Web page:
tDAR Logo tDAR digital antiquity

Monuments in Danger? Study Done in the Jewish Cemetery of Victoria, British Columbia

Author(s): Emily Badger ; Ryan Schucroft

Year: 2017

» Downloads & Basic Metadata

Summary

Monument preservation is an important part of remembering loved ones. Because of the wide variety of stones and manufacturing techniques, there are many factors that may contribute to monument decay. Each factor should be assessed and measures taken to prevent further degradation. For this project, we attempted to determine what factors could be at play when looking at headstone deterioration at the Emanu-el Jewish cemetery. We considered four hypotheses: first, monuments under tree cover would be in better condition than those from the same time that were under open sky. Second, upright headstones would be in better condition than those that were flat.. Third, monuments closer to the ground would be in worse condition than those raised up out of grass and dirt allowing for organic growth. Finally, unpolished headstones would be in worse condition than polished headstones. As each of our hypotheses were examined, extra factors came into play that we had not foreseen (eg: organic matter decomposing on flat monuments). We concluded that where some hypotheses were easily proven, others had complications that could be looked into in further studies.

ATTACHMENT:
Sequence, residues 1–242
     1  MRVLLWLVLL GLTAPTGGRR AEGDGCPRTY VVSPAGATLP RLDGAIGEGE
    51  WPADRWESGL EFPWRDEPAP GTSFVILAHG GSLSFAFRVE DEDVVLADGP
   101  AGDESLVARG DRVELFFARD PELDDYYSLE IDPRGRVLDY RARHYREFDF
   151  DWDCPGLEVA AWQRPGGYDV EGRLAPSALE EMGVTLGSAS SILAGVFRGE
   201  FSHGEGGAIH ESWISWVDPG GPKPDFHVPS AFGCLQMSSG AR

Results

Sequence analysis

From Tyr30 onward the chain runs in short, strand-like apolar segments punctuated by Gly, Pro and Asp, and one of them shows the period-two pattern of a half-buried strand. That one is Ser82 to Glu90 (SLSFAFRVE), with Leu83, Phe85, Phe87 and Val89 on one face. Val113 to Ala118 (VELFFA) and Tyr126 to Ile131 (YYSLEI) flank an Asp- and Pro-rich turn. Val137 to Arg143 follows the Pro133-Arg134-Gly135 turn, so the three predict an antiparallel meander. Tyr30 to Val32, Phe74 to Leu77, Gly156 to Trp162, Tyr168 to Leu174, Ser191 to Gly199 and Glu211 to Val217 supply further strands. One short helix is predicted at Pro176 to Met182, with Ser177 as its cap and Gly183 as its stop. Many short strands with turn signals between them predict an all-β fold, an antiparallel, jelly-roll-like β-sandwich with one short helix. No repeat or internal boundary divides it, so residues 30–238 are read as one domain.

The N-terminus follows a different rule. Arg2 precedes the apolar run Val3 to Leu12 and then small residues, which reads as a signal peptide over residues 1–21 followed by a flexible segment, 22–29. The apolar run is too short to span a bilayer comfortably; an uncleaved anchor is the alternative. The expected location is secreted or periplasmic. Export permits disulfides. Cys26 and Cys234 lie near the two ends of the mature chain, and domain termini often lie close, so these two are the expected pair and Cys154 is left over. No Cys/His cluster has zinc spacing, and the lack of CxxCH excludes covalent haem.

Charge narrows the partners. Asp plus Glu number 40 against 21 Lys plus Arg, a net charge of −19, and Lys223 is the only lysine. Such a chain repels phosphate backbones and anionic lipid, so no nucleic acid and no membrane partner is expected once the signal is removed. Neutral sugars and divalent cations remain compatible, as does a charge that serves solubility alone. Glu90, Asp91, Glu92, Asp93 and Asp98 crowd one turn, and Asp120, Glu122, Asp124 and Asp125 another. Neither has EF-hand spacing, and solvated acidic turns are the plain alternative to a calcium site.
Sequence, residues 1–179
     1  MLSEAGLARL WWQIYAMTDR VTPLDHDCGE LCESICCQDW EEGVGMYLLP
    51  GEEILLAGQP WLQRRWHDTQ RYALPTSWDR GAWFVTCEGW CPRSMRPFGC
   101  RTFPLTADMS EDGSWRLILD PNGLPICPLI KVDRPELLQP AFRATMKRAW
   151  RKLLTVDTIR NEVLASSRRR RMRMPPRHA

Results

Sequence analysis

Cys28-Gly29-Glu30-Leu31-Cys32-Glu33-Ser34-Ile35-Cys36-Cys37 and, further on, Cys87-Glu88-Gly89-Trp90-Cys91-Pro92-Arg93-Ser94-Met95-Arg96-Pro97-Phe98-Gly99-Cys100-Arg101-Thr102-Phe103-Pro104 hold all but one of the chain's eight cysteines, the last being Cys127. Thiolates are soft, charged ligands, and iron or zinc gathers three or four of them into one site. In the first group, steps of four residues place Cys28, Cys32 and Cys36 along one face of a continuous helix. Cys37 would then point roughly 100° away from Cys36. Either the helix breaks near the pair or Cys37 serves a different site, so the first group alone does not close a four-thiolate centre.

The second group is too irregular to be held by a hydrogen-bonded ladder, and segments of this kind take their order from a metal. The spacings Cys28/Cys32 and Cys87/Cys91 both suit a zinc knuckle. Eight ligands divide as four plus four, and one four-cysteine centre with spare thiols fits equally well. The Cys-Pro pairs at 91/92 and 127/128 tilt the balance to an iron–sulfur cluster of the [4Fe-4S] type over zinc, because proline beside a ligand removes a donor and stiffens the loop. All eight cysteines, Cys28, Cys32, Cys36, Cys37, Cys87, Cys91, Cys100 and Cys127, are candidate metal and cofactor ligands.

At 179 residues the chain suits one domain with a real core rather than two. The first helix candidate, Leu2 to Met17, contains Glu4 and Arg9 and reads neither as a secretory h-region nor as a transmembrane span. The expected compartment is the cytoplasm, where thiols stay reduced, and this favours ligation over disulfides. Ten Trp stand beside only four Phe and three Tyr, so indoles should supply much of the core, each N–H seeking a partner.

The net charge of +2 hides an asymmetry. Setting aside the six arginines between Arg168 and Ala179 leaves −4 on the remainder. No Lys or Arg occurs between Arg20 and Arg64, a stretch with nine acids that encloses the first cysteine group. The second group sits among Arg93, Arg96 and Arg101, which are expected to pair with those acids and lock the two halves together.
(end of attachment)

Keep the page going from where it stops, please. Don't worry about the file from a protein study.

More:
This Resource is Part of the Following Collections


Cite this Record

Monuments in Danger? Study Done in the Jewish Cemetery of Victoria, British Columbia. Emily Badger, Ryan Schucroft. Presented at The 81st Annual Meeting of the Society for American Archaeology, Vancouver, British Columbia. 2017 ( tDAR id: 432053)


Keywords


Spatial Coverage

min long: -142.471; min lat: 42.033 ; max long: -47.725; max lat: 74.402 ;

Record Identifiers

Abstract Id(s): 17639

Arizona State University The Andrew W. Mellon Foundation National Science Foundation National Endowment for the Humanities Society for American Archaeology Archaeological Institute of America